The final stop of my summer internship landed me in Lexington, Michigan where I stayed with Jim and Pat Stayer. Jim and Pat are diving and videography experts with lots of experience in these fields. I enjoyed diving with them in Lake Huron, exploring the wrecks that lie below. I dove on three of the wrecks: the Sport, the Strong, and the Regina. The Regina was my favorite wreck to dive. I liked exploring its large propeller and large smokestack.
Given that Jim and Pat are experienced film producers, my time in Michigan was also spent editing this film. Jim and Pat provided all the support necessary to complete this film in the quick four-day time span we had together. From photo editing, to color correction, to transition optimization, the Stayers were instrumental in putting this all together.
I can’t thank Jim and Pat enough for taking me into their home, taking me out on the water with them to dive, and helping me edit my internship documentary. They were incredibly helpful and two incredibly nice individuals. I look forward to staying in touch with them and watching their film productions.
Newfoundland also had lots of wreck diving to offer. I was lucky to make two dives on the PLM-27. Located off the coast of Bell Island, this ship was sunk in World War II and is one of four wrecks with a similar story. I loved exploring this wreck – the largest I had ever been on at the time. There were lots of fish to see and the ship had many different areas to explore.
Perhaps the most memorable portion of my time in Newfoundland was the scallop dive I went on with Rick and Mark. In preparation for a seafood dinner we would be having with Rick’s family later that evening, Mark and I collected over 75 scallops, filling our bag quite quickly. This was my first time diving for scallops, and for this reason Rick prepared me one raw on the boat as a post dive snack. Talk about fresh seafood! Later that evening Rick showed me how to clean scallops and fillet cod. I hope to start diving for seafood near my home.
One of the highlights of my trip to Newfoundland was receiving my sidemount certification with OceanQuest instructor Mark McGowan. I had never before tried sidemount diving, but in the span of three days I discovered and practiced this style of diving. I enjoyed my five certification dives in locations where we saw interesting wildlife like eel pouts and lumpfish. Underwater, we found lot of cool objects like an underwater mirror and a pair of old sunglasses. Thanks so much for getting me certified, Mark!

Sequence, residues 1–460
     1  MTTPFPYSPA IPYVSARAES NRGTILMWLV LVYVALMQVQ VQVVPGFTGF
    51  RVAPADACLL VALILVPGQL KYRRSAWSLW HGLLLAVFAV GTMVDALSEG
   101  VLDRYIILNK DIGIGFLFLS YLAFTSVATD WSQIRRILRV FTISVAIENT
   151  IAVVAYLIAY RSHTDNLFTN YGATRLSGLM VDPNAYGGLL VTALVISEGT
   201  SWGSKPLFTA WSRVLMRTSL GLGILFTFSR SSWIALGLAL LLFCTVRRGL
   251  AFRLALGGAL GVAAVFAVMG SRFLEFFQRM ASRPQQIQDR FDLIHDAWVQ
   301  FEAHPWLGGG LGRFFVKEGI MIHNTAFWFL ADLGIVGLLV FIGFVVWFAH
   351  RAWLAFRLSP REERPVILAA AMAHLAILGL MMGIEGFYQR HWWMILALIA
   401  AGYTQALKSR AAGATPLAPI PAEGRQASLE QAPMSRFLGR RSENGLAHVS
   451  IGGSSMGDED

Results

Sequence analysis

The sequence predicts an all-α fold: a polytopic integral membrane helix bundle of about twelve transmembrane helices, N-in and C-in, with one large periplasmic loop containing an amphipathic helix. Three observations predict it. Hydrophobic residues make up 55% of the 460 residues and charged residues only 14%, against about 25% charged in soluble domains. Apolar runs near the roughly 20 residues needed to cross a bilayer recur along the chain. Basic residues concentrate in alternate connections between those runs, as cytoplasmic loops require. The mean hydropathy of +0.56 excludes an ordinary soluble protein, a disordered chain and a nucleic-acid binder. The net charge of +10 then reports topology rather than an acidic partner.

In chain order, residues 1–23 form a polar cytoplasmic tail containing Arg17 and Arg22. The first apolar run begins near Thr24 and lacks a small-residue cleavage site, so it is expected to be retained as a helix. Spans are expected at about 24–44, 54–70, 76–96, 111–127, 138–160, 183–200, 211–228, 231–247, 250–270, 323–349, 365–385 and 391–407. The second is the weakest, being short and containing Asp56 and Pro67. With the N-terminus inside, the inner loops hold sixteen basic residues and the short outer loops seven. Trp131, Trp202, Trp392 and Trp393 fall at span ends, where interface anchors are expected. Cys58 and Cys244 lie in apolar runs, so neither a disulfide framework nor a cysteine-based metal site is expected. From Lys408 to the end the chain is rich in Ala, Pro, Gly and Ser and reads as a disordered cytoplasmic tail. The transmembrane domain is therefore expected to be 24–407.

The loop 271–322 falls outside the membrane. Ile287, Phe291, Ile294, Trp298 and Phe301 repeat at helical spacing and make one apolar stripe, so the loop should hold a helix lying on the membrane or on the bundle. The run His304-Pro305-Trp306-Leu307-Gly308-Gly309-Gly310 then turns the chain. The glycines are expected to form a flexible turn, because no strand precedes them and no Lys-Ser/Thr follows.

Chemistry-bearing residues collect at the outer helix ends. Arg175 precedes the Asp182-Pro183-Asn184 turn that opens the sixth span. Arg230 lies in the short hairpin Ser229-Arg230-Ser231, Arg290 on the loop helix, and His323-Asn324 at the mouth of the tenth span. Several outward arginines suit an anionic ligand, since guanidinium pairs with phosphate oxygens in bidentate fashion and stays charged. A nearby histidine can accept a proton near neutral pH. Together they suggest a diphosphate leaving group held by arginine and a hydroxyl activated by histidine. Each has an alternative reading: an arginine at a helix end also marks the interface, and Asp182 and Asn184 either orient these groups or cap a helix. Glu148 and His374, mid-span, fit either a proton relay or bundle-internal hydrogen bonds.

From the warm waters of Bonaire, I made a quick transition to northeastern Canada where I spent a week in Newfoundland with Rick Stanley, his wife, Debbie, and OceanQuest Adventures. I had never before visited Canada, so I was thrilled to begin exploring right away with a snorkel around historic Bell Island. Rick took me out on his zodiak with a small group of snorkelers and brought us to all the best spots to check out. I explored the unique geography and cave systems the island has to offer as well as the marine life.
The next day Rick took me out to search for whales, Newfoundland’s iconic attraction. We saw two minke whales and a humpback from the surface, but could not get close enough to swim with them. Determined to find more, I went out the following day with Johnny O. of OceanQuest in search for more. We struck out again, but had fun exploring waterfalls and swimming with a bloom of moon jellies.
My time in Newfoundland was also full of regional and OceanQuest traditions. I tried pie-irons for the first time. These are sandwiches cooked in a sealed, iron griddle over an open flame. They were were delicious! I also got to attend the Conception Bay South summer games opening ceremonies. The games’ host city changes every year, so this was certainly a treat. I also got to try a Newfoundland special: moose soup! My trip to Newfoundland came to an end with an awesome sunset which I watched from Rick’s roof!
Thank you so much, Rick and Debbie, for hosting me at your home and absorbing me right into your incredible family. I had so much fun up in Newfoundland trying new things, getting to know the region, and meeting new people. I hope to come back soon to spot some whales with OceanQuest and reconnect with you both. Thank you!
The island of Bonaire had lots to offer as a unique destination to explore. In between dives, I had the opportunity to visit ‘downtown’ Bonaire a number of times. Lining the tight, colorful streets were lots of shops and restaurants. In one store, I found my favorite flavor of soda: bubblegum. Throughout the course of the week, we made many visits to the local gelato shop. I also enjoyed exploring this area at night. There was lots of live music which made for a great atmosphere.